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‘I am Iron Man’
Tony Stark created a powered, weaponised exoskeleton to defend himself from death. This sparked an enterprise that spanned a decade of filmmaking. The Iron Man suit began as a personal defence project, transformed into a national defence initiative, then scaled up to a global defence mechanism and culminated in a cosmic armour.
Stark is a futurist, but more importantly, he’s a hero. He takes personal responsibility for his past mistakes and consequently assumes collective responsibility for potential future perils.
Therefore, Iron Man represents the positive aspect of our technological power. Initially, he profited off his weapons at the expense of war. His genius was limited by his morality.
Now, Iron Man is a mythological representation of the best a genius-level engineer can offer; a profoundly virtuous futurist. In this series of features, I am going to pay homage to this character by examining the best technology created by gifted engineers.
The Iron Man Suit
The Iron Man suit is a weaponised, powered exoskeleton. Its fantastic origins lie outside the domain of reality. However, its realistic applications are touched upon in the Marvel Cinematic Universe.
For instance, in Iron Man 2, the US government wishes to nationalise the Iron Man suit for public defence. Later, in Captain America: Civil War, the character of War Machine, another suit user, is paralysed. He then utilises similar technology, in addition to an Iron Man suit, to continue walking.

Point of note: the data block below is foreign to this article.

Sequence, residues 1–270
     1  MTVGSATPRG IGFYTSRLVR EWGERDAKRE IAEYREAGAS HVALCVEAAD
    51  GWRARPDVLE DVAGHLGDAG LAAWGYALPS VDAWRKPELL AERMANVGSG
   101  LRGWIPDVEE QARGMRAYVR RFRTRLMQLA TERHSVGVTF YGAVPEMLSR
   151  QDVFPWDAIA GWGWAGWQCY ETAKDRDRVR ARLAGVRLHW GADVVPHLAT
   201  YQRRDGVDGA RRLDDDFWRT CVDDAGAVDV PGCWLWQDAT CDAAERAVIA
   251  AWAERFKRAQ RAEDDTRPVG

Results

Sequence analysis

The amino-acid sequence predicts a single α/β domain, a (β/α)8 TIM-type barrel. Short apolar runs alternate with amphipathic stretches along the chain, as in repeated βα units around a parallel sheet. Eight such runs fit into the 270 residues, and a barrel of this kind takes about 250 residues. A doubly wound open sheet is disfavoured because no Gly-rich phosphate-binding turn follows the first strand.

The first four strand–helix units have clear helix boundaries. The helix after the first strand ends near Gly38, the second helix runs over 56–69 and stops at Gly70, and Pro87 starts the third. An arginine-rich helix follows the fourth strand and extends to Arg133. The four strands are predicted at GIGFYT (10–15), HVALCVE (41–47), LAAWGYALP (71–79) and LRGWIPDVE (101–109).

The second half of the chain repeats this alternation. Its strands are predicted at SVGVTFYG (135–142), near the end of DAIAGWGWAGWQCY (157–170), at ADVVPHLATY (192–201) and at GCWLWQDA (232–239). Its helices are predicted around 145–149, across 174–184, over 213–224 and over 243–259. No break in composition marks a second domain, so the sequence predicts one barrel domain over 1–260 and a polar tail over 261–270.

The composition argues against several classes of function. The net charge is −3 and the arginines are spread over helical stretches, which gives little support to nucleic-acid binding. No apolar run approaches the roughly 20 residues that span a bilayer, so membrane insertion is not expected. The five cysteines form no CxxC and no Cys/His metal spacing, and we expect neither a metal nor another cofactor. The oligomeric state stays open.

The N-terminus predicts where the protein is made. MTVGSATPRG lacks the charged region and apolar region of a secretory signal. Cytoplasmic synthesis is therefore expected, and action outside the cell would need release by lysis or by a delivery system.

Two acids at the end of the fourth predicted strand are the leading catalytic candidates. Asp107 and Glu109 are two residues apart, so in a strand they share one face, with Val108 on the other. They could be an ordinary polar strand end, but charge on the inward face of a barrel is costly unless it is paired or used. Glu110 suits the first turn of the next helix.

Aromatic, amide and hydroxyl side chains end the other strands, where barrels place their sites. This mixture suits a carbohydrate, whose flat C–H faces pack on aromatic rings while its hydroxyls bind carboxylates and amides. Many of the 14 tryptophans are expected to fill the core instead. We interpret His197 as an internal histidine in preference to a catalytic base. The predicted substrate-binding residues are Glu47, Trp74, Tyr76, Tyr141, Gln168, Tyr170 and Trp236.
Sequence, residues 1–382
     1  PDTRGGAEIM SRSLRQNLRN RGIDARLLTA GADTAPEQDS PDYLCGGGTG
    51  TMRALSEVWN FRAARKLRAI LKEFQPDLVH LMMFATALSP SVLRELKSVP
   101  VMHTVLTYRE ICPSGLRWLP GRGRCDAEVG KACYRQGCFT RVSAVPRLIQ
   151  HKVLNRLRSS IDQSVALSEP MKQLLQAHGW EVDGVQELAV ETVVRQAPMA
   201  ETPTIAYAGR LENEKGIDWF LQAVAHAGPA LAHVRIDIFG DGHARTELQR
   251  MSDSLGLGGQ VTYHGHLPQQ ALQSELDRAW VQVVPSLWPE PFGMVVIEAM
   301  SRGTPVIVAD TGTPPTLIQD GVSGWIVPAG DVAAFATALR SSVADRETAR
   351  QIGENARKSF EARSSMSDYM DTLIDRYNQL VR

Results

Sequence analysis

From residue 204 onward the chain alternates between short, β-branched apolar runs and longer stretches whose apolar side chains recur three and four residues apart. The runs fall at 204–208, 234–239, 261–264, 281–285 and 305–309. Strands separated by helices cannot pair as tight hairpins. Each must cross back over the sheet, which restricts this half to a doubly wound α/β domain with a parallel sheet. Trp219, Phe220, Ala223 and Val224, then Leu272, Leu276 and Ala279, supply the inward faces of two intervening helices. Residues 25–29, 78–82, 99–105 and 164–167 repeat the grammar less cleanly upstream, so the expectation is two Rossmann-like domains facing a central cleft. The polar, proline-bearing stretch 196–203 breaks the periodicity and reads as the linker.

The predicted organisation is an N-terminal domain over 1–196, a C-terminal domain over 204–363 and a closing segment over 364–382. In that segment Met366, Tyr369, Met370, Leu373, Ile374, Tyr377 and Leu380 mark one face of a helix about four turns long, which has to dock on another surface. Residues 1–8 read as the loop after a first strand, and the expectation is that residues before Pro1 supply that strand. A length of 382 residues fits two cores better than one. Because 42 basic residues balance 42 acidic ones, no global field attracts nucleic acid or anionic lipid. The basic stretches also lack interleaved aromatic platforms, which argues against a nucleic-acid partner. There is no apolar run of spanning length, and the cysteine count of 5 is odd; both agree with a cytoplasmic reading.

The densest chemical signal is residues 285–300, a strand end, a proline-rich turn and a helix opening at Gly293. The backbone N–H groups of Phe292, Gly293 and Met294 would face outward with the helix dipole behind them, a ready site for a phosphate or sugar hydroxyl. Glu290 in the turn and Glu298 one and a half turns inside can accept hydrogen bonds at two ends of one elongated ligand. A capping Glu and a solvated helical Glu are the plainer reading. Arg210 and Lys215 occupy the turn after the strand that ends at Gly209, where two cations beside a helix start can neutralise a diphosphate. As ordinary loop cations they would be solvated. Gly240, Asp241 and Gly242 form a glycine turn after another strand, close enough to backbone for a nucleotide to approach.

These are more realistic applications of the Iron Man suit; military and medical usage; national defence and physical enhancement. Allowing individuals to transcend their physical limitations and become heroes. This field of inquiry is known as bionics.
Bionics, or biologically inspired engineering, is using biological methods and systems found in nature to design engineering systems and modern technology.
Esko Bionics is a company that develops and manufactures powered exoskeleton bionic devices that can be strapped on as wearable robots to enhance the strength, mobility, and endurance of soldiers and paraplegics.
The company was founded in 2005 by engineers at the University of California. Its founder is Homayoon Kazerooni, a roboticist and professor of mechanical engineering. Kazerooni’s interest is designing exoskeletons specific to lower human extremities.
Esko Bionics’ first breakthrough was the Human Universal Load Carrier, or HULC.
The HULC is made with titanium. It is un-tethered and flexible, allowing the user to squat, crawl and lift. It weighs 53 pounds without batteries. The suit is smart and doesn’t require any external control mechanism.
Rather, it has an inbuilt micro-computer that senses the user’s requirements and adapts to the situation accordingly. The user can remove and pack-up the suit in 30 seconds. Additionally, they can swap out modular features to fit their needs.
These features include armour, heating, cooling systems and sensors. Lithium polymer batteries provide eight hours of active battery life. A solar powered charger attachment makes the suit self-sustainable. A power-saving mode prevents premature suit failure. Actuators absorb heat, eliminating the need for fans and making the suit stealthy.